Breast Cancer Prevention Barriers in the Haitian Women Population
In a country that admits yearly a high number of immigrants from all over the world, there are many of them including Haitian women who settle in New York. Having achieved their “first American dream”, thousands of those immigrant women are part of the working class. Several of them climb the educational echelon and are assimilated.
They communicate with others and are privileged to read about first hand information regarding health care issues. Next to this group are the large percentages of women who constitute the “minority majority” for not being successful thus remaining behind. Those women are illiterate and economically disadvantaged.
As a result, they are unaware of the dynamics process associated with metropolitan life in addition to being unknowledgeable of the basics in health education, disease prevention and treatment options.
EMG Health Communications, Inc., a non-profit organization, decided to be proactive especially when the findings continuously reveal the growing trends of the number of women yearly diagnosed with breast cancer.
The task is gigantic when one takes into account the non-legal status that still keeps many Haitian women in the closet and hesitant to come out for fear of being deported. Many women do not have insurance coverage.
They often discredit the publicity inviting them to sign for free medical testing and annual procedure even if they have no coverage. Many stay away from these offers because of someone they know who responded to the invitation and was later charged wrongfully for the tests. Restoring trust and convincing Haitian women that they must participate and take advantage of the resources available to them, are difficult steps to achieve.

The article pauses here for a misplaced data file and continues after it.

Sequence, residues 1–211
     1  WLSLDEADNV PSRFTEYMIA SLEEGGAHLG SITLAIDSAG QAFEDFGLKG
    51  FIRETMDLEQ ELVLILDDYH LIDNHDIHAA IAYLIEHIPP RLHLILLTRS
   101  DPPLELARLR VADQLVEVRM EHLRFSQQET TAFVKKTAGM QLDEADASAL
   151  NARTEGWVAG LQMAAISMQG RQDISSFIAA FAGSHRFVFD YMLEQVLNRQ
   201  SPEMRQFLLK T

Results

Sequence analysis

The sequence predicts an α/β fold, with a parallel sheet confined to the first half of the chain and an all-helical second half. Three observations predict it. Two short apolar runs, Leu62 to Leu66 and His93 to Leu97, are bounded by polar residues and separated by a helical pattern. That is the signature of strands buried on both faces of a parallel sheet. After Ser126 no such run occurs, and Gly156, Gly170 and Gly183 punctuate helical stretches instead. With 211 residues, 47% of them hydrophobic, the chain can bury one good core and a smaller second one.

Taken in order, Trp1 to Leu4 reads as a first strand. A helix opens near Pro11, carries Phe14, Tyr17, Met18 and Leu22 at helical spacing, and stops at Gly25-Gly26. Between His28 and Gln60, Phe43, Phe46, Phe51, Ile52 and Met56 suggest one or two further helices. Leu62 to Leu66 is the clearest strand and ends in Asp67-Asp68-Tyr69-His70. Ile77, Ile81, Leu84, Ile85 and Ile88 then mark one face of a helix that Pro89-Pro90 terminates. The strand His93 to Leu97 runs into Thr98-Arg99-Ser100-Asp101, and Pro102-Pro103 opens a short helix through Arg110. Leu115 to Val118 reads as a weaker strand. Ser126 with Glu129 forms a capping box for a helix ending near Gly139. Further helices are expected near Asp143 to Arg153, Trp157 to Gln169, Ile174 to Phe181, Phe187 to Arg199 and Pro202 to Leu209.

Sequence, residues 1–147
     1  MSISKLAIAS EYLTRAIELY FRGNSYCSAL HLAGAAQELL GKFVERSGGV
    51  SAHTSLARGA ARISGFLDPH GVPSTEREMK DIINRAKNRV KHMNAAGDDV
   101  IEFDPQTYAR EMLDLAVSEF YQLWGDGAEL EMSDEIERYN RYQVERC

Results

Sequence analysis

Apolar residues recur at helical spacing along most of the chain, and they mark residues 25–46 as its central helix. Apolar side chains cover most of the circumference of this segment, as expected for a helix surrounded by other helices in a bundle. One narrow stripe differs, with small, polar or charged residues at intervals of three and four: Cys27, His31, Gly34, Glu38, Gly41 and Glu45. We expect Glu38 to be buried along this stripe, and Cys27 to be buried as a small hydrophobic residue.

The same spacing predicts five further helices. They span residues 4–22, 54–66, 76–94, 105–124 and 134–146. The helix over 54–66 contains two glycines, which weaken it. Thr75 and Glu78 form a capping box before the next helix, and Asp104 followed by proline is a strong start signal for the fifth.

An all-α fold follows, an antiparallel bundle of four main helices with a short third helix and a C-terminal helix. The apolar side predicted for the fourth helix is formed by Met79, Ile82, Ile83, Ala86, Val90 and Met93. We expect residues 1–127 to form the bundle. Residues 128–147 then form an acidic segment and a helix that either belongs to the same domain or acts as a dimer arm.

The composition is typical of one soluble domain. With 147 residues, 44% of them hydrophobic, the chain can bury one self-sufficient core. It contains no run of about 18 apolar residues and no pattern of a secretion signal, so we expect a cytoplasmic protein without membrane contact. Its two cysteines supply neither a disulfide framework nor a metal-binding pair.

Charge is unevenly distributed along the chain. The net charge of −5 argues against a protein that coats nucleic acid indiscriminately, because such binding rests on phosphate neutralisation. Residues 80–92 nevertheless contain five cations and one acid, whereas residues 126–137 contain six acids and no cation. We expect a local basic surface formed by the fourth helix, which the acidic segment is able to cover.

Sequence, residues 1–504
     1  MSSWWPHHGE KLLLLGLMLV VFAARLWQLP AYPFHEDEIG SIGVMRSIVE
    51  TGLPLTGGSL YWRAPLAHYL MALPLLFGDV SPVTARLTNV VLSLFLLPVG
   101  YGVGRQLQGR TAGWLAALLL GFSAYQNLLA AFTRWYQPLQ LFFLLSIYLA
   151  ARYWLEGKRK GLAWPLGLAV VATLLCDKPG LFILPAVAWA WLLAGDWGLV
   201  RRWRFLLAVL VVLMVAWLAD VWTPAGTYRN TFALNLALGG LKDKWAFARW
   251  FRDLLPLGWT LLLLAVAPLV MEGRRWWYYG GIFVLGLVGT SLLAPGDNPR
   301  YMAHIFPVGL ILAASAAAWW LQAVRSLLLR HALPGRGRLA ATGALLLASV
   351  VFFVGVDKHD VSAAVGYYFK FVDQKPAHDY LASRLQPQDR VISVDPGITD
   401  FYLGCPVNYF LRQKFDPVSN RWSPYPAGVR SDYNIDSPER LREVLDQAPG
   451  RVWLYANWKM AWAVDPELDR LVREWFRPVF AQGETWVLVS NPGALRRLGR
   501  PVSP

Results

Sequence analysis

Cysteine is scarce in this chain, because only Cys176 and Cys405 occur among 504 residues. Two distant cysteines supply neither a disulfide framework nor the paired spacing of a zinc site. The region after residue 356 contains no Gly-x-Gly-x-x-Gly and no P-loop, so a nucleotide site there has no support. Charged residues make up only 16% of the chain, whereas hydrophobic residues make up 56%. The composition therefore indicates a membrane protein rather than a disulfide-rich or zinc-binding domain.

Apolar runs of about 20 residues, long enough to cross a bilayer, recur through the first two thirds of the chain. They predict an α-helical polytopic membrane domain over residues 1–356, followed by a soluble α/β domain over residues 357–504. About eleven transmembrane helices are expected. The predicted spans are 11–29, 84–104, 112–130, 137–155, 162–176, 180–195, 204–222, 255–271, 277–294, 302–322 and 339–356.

This population is generally distant with others preferring to remain in their own clusters. EMG Health models of using linguistically competent messages and having staff that can culturally identify with and educate clients, gave excellent results. For instance, approximately fifteen (15%) of women regain confidence and accept to take part in and benefit from the free outreach programs.
In the Haitian women population, the most challenging factor in disease prevention is associated with the culture that is deeply rooted in their belief system. Knowing that one woman out of eight is at risk of being diagnosed with breast cancer makes little to no impact on the Haitian woman who feels vulnerable by admitting that her eating habits are vastly unique thus making her different from others who make those statistics.
Furthermore, she believes that she is blessed by the hand of God who will protect her from evil and diseases. If, by some fortunate circumstances, a woman is able to feel and recognize a foreign mass in her breast, she tends to first treat herself by using palm oil or other leaves on the site of the mass with the hope that the mass will dissolve.
The woman will rarely divulge her findings to anyone close to her. She may prefer to see a traditional healer who will prescribe his own medicine before going to a regular doctor when diagnosis may come too late.
Culture constitutes a major barrier to health education and to educating Haitian women whether they have or have not assimilated in mainstream America. Culture is a sensitive topic that must be dealt with acceptability, caution and fairness in order to increase the number of women who, at the very least, will understand the importance of breast cancer prevention.
From Elsy Guibert email@example.com
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